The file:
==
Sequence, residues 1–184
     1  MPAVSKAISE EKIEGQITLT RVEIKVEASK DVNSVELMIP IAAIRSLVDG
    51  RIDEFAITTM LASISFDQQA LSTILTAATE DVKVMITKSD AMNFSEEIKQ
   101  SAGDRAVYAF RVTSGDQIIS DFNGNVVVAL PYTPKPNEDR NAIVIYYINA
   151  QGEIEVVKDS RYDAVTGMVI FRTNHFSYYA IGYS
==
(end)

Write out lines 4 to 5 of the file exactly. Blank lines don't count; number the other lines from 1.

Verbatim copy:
   101  SAGDRAVYAF RVTSGDQIIS DFNGNVVVAL PYTPKPNEDR NAIVIYYINA
   151  QGEIEVVKDS RYDAVTGMVI FRTNHFSYYA IGYS